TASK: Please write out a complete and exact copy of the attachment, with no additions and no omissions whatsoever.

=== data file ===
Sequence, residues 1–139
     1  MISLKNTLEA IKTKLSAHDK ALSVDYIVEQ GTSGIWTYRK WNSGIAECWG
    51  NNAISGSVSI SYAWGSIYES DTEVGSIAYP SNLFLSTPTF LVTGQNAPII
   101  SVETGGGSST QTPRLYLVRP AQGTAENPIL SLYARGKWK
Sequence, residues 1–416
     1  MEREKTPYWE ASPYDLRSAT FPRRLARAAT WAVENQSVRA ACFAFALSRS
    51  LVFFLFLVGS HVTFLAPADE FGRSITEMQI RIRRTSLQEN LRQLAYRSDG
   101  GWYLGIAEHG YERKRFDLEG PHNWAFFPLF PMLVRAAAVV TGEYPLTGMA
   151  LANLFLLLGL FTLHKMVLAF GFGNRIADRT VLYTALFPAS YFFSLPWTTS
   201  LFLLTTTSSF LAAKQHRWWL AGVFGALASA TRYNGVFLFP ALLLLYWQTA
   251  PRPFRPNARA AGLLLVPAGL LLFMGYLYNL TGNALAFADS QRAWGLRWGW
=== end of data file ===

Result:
Sequence, residues 1–139
     1  MISLKNTLEA IKTKLSAHDK ALSVDYIVEQ GTSGIWTYRK WNSGIAECWG
    51  NNAISGSVSI SYAWGSIYES DTEVGSIAYP SNLFLSTPTF LVTGQNAPII
   101  SVETGGGSST QTPRLYLVRP AQGTAENPIL SLYARGKWK
Sequence, residues 1–416
     1  MEREKTPYWE ASPYDLRSAT FPRRLARAAT WAVENQSVRA ACFAFALSRS
    51  LVFFLFLVGS HVTFLAPADE FGRSITEMQI RIRRTSLQEN LRQLAYRSDG
   101  GWYLGIAEHG YERKRFDLEG PHNWAFFPLF PMLVRAAAVV TGEYPLTGMA
   151  LANLFLLLGL FTLHKMVLAF GFGNRIADRT VLYTALFPAS YFFSLPWTTS
   201  LFLLTTTSSF LAAKQHRWWL AGVFGALASA TRYNGVFLFP ALLLLYWQTA
   251  PRPFRPNARA AGLLLVPAGL LLFMGYLYNL TGNALAFADS QRAWGLRWGW